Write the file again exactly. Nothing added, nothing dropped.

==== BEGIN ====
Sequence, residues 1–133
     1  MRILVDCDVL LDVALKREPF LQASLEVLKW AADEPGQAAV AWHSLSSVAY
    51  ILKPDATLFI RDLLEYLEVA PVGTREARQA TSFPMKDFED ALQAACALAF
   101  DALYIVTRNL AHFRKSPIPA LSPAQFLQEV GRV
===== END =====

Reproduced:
Sequence, residues 1–133
     1  MRILVDCDVL LDVALKREPF LQASLEVLKW AADEPGQAAV AWHSLSSVAY
    51  ILKPDATLFI RDLLEYLEVA PVGTREARQA TSFPMKDFED ALQAACALAF
   101  DALYIVTRNL AHFRKSPIPA LSPAQFLQEV GRV